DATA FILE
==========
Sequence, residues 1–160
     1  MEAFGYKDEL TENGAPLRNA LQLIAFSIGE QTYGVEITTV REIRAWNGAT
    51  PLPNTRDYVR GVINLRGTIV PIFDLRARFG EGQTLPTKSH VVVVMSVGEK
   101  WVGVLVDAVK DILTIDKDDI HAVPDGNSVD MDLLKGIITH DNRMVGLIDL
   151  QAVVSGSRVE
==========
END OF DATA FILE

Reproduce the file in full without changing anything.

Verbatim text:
Sequence, residues 1–160
     1  MEAFGYKDEL TENGAPLRNA LQLIAFSIGE QTYGVEITTV REIRAWNGAT
    51  PLPNTRDYVR GVINLRGTIV PIFDLRARFG EGQTLPTKSH VVVVMSVGEK
   101  WVGVLVDAVK DILTIDKDDI HAVPDGNSVD MDLLKGIITH DNRMVGLIDL
   151  QAVVSGSRVE